Along the highway that runs along the Central Pacific Coast between Jaco and Dominical, you will see vast plantations of African palm trees, broken up by the occasional group of homes clustered around a soccer field. You may wonder what all that is. Here’s a quick primer:
What were once vast banana plantations owned by United Fruit Company now house neatly planted rows of African palm trees. These trees were planted starting in the 1940s when diseased ravaged the banana crops. The fruit of the trees, which you’ll see as a reddish cluster of golf ball-sized nuts known as kernals, is harvested and processed for their oil. This oil is then refined into many items that we use every day, including cosmetics, candy, soaps, industrial lubricants, and more.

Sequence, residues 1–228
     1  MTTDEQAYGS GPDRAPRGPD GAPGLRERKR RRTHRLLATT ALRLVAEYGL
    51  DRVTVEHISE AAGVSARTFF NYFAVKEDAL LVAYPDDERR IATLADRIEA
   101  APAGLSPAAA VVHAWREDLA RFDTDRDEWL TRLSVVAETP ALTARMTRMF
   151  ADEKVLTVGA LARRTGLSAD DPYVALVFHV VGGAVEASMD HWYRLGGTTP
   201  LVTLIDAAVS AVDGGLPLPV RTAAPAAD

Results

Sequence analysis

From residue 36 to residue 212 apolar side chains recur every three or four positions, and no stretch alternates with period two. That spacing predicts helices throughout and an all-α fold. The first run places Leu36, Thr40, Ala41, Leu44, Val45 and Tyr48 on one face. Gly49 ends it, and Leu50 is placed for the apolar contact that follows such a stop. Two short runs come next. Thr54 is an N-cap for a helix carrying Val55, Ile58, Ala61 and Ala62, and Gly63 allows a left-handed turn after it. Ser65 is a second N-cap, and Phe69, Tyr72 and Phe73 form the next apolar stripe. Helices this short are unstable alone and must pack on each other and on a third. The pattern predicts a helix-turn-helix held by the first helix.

Quepos was the epicenter for United Fruit’s banana production, and there are still many examples of plantation architecture left in the city. It’s a bit easier to pick out along the highway, though, as you see homes clinging around a large soccer field. These were built United Fruit to house workers in the plantations. Still today many of the homes are occupied by families who toil in the shade of the African palm.